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The Great Dissent: How Oliver Wendell Holmes…

The Great Dissent: How Oliver Wendell Holmes Changed His Mind--and Changed… (2013)

by Thomas Healy

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This review was written for LibraryThing Early Reviewers.
Sometimes judges, even Supreme Court justices, change their minds. This is the story of one such change of mind, that of Oliver Wendell Holmes on the First Amendment. Well worth reading for its analysis of how that came about.
  lilithcat | Jun 25, 2015 |
The writings of Supreme Court Justice Oliver Wendell Holmes are the basis of contemporary interpretations and applications of freedom of speech, but it took many years for great minds to convince him of its value. This fascinating, insightful story chronicles the unfolding of Holmes’s change of heart and mind on the First Amendment. A remarkable, engaging work of intellectual and legal history. ( )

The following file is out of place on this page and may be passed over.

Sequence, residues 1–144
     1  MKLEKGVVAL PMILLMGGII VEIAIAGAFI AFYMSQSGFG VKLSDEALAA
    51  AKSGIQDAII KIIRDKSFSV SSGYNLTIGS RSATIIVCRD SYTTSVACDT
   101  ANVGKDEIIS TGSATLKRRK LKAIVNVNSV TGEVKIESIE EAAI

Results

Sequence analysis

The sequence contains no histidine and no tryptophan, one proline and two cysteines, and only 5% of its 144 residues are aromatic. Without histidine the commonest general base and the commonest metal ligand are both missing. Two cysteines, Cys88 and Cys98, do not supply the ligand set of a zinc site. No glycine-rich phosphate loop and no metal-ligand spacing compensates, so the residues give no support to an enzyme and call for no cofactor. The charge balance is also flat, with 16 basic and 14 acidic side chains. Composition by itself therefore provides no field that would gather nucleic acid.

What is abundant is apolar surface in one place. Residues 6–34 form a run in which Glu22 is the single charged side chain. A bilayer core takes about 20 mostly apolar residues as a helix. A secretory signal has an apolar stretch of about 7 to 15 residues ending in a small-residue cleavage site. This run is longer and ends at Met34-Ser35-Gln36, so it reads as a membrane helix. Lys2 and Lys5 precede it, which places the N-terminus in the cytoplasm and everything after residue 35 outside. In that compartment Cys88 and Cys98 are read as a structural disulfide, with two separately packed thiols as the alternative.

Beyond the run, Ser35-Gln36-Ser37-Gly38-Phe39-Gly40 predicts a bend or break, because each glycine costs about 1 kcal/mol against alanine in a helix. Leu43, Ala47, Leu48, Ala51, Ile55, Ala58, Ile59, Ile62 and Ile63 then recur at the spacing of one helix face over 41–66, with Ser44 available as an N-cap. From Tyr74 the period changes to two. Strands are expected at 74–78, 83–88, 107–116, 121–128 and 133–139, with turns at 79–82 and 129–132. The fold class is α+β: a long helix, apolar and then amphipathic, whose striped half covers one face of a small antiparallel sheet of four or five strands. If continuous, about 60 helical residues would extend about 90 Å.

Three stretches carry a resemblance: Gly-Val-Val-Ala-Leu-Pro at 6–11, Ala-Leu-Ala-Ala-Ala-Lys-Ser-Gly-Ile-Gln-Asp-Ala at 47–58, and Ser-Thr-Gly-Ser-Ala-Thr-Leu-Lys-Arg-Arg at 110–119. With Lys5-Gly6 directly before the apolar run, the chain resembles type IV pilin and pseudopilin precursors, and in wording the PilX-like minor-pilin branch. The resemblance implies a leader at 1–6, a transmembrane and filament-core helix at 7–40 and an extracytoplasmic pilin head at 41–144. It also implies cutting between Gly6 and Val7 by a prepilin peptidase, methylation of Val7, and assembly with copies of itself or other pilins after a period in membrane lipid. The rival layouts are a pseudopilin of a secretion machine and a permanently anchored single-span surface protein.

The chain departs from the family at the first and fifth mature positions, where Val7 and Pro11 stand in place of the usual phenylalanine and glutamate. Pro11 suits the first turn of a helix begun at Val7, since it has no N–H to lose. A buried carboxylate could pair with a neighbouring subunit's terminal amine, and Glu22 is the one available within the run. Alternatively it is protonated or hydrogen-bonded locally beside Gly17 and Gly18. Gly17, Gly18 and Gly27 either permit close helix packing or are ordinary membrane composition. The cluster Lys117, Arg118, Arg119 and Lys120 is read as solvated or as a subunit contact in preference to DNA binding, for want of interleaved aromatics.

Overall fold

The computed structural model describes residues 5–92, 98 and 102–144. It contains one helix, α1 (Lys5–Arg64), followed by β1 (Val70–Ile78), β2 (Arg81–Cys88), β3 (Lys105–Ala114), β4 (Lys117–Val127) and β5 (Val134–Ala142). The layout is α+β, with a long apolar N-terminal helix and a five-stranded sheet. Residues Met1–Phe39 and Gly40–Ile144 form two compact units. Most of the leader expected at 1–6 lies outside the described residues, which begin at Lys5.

Sullywriter | May 22, 2015 |
I bumped into Justice Oliver Wendell Holmes, Jr. when TCM showed a film based on his life, The Magnificent Yankee. He was one of the few former Supreme Court Justices I knew and remains one of the most quoted Americans. I thought I would like to know more about him.

The Great Dissent: How Oliver Wendell Holmes Changed His Mind - And Changed the History of Free Speech in America by Thomas Healy was a great place to start. Though not a comprehensive biography of Justice Holmes, it certainly covers enough of Holmes early life to understand the type of man he was, and the context in which his mind and attitude were formed. Wounded three times during the Civil War while serving in the Union Army, once coming within a "sneeze" of death, Holmes attended Harvard and started his vocation as a lawyer.